Kevin Suh, Senior Vice President of Content Protection, Internet, testified on behalf of the MPAA. Informing on the threat of rogue websites, he stated:


The sites, whose operators are located throughout the world, take many forms, but have in common the simple fact that all materially contribute to, facilitate and/or induce the distribution of copyrighted works, such as movies and television programming.

These “rogue” websites are increasingly sophisticated and take on many attributes of legitimate content delivery sites, creating additional enforcement challenges and feeding consumer confusion.

Rogue sites legislation, at the federal level, is needed to address the threat to our industry. 


Other panelists included representatives from the Anti-Counterfeiting Coalition; Teamsters Local 399; the Business Software Alliance; the Recording Industry Association of America; Levi Strauss & Co.; and the Los Angeles County Sheriff’s Department.

The overall message of the hearing was that piracy and counterfeiting is a serious threat to all creative industries, consumers, and the economy.

A webcast of the hearing is available here.

California’s Film and Television Tax Credit Program Fuels Economy

by Elizabeth Kaltman 06/28/2011 16:19 (UTC-08:00) Pacific Time (US & Canada)

Today the Los Angeles Economic Development Corporation released a study about the positive economic impact of California’s Film and Television Tax Credit Program. The LAEDC study illustrates why 40 states around the country compete for film and television productions: because they are a proven job creator and economic stimulus. The study shows that the projects that qualified for the tax incentive in the program’s first two years generated $3.8 billion dollars in economic activity statewide, created more than 20,000 jobs and over $200 million dollars in tax revenues. 

Assemblymember Felipe Fuentes (D-Sylmar), author of legislation (AB 1069) to extend the tax credit for an additional five years, held a press conference today on the set of ABC’s Body of Proof to publicize the data in an effort to ensure support for his bill.  Fuentes was joined by Los Angeles City Councilmember Paul Krekorian, Body of Proof Executive Producer Matthew Gross, and a cross-section of entertainment leaders, including IATSE Local 44 Business Agent Ed Brown and Production Manager and DGA member Cleve Landsberg.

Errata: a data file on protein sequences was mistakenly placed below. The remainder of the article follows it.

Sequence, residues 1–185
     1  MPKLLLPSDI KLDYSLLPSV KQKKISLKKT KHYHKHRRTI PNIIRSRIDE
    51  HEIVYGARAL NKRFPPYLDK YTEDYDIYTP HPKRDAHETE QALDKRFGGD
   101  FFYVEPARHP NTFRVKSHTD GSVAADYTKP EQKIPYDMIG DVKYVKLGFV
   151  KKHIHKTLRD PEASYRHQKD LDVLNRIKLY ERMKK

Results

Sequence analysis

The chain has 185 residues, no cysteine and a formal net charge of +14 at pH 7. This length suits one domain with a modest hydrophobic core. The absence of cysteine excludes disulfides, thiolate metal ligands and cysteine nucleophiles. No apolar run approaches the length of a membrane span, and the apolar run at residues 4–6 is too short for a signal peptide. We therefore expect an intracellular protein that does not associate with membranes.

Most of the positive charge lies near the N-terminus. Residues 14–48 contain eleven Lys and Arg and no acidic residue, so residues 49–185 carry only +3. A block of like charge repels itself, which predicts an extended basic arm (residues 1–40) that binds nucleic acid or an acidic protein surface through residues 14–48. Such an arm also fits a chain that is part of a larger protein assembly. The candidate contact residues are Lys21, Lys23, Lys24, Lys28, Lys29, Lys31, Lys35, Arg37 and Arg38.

Senator Chris Dodd, Chairman and CEO of the MPAA said of the LAEDC study today: “The motion picture and television industry is overwhelmingly comprised of middle-class workers, and since it was enacted in 2009, California’s production tax incentive has been an important driver in a challenging economy. We applaud Assembly Member Felipe Fuentes’ leadership in the effort to extend this worthwhile program which helps keep high paying jobs in California and increases tax revenues across the state.”

Fuentes’ bill is currently awaiting a hearing in the California Senate’s Committee on Governance and Finance and we are hopeful that this study helps to dispel any doubts about the effectiveness of the tax credit program and easily passes through the Senate.

 

Studios file reply brief in Zediva case

by Ben Sheffner 06/27/2011 11:26 (UTC-08:00) Pacific Time (US & Canada)

Today the MPAA's member studios filed their reply brief in support of their Motion for a Preliminary Injunction in their copyright suit against the unlicensed video-on-demand service Zediva. The studios' brief rebuts Zediva's arguments, explaining to the court why such cases as Columbia Pictures Indus. v. Redd Horne, 749 F.2d 154 (3d Cir. 1984) and On Command Video Corp. v. Columbia Pictures Indus., 777 F. Supp. 787 (N.D. Cal. 1991) demonstrate that Zediva is violating the studios' exclusive right to publicly perform their works under Section 106(4) of the Copyright Act. And our reply brief explains why the Second Circuit's Cablevision decision does not aid Zediva. As the introduction to our brief states:

 Zediva is clearly violating the Studios’ public performance right under settled law. The statute’s plain language, as consistently construed for decades, makes it clear that the thousands of separate transmissions of the Studios’ films that Zediva sends to users “in separate places” and “at different times” constitute performances “to the public.” 17 U.S.C. § 101; Columbia Pictures Indus., Inc. v. Redd Horne, Inc., 749 F.2d 154, 159 (1984); On Command Video Corp. v. Columbia Pictures Indus., 777 F. Supp. 787, 790 (N.D. Cal. 1991). The only difference between the transmissions in Redd Horne and On Command, and those here, is that Zediva uses the Internet instead of its own cable wires to transmit the Studios’ films. But the Internet does not make Zediva any less liable than the services in those cases. Zediva itself admits that the Internet simply functions as “a very long cable” for its transmissions. Opp. at 8:14. And the cases are clear that streams over the Internet are public performances, even where (as is common) each stream is sent separately to an individual user. See United States v. Am. Soc’y of Composers, Authors, Publishers, 627 F.3d 64, 74 (2d Cir. 2010) (“ASCAP”). The rule Zediva advocates would eviscerate protection for a wide range of works streamed over the Internet.